While our study suggests progressive uptake of dermoscopy by registrars, this appears to be insufficient given dermoscopy is the standard of care for assessing skin lesions.17 However, dermoscopy uptake needs to be accompanied by adequate training to ensure safe decision making.

Online teaching modules are one effective way of enhancing the educational experience of the dermatology curriculum for medical students9 and could be applied to postgraduate training. Any such education in Australia’s apprenticeship-like general practice training program model will need to be accompanied by in-practice training and support. Thus, upskilling and maintaining skills of general practice supervisors in dermoscopy may be a suitable subject for training organisation’s supervisor continuing education programs.

Our finding of a quite modest frequency of skin lesion checks (1.4% of consultations) also raises the issue of how much dermoscopy in-practice experience is sufficient to attain and maintain dermoscopy competence. This is a suitable topic for further research.


Conclusion

Dermoscopy is performed by registrars at a modest proportion of skin and pigmented lesion checks. It affects diagnostic thinking and increases confidence in diagnosis. Use varies between training providers, suggesting regional variability in teaching and opportunities for further education. Our study points to the need for dermoscopy training to be a standard element of general practice training.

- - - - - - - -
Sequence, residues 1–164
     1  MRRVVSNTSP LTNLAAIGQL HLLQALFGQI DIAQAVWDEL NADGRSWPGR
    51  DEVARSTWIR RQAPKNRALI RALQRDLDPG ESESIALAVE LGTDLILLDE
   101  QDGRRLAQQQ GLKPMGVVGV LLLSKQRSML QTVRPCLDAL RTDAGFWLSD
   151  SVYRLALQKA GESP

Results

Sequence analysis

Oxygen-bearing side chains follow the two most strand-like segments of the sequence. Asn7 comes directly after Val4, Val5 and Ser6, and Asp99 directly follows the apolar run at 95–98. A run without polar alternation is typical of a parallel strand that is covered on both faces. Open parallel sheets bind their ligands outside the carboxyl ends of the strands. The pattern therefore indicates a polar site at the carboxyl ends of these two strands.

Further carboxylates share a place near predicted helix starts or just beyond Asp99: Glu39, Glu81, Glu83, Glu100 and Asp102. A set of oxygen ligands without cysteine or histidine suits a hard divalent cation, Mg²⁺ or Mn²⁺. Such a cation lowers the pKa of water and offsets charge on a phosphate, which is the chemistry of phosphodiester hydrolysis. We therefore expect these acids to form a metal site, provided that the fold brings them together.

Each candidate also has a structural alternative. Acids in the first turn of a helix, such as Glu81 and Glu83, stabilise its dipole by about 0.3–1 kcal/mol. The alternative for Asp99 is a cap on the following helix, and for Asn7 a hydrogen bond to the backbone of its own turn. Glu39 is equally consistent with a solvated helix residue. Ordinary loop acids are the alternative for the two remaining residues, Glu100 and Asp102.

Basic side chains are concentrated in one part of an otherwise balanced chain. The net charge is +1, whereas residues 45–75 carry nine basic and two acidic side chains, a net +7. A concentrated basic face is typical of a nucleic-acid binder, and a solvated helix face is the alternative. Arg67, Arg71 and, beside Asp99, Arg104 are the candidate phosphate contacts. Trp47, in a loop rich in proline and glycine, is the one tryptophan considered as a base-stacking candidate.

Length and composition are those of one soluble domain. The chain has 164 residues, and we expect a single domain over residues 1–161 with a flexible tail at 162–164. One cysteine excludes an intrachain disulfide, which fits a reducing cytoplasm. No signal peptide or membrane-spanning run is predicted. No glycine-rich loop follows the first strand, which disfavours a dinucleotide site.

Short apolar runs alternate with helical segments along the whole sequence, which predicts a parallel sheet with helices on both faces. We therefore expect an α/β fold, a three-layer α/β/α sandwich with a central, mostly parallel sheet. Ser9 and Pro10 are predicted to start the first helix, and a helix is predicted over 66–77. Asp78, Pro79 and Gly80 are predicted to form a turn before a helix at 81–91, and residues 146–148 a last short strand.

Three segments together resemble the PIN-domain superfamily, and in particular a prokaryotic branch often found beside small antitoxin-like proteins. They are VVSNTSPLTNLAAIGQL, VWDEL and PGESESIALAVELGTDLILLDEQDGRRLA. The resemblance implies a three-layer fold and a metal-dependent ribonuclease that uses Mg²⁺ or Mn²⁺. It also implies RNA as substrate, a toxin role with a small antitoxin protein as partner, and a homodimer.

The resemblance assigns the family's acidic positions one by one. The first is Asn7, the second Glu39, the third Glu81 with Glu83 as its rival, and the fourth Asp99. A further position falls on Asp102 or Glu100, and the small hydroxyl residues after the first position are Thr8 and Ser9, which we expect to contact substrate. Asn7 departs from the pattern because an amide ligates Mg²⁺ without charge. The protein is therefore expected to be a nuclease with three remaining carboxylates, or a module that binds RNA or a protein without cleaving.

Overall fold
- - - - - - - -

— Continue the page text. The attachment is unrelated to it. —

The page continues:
Appendix 1 – Supplementary tables

Competing interests: None.
Provenance and peer review: Not commissioned, externally peer reviewed.
Funding: During the data collection period included in this study, the ReCEnT study received funding support from participating educational organisations: General Practice Training Valley to Coast, the Victorian Metropolitan Alliance, General Practice Training Tasmania, Tropical Medical Training, and Adelaide to Outback GP Training Program. These organisations were funded by the Australian Department of Health. Since 2016, the ReCEnT study has been funded by an Australian Commonwealth Department of Health Research Grant, and supported by GP Synergy, the general practice Regional Training Organisation for New South Wales and the Australian Capital Territory. GP Synergy is funded by the Australian Department of Health. Dr Whiting’s Academic Registrar post was funded by the Australian Department of Health.
Acknowledgements
The authors would like to acknowledge the general practice registrars, general practice supervisors and practices who have participated in the ReCEnT project.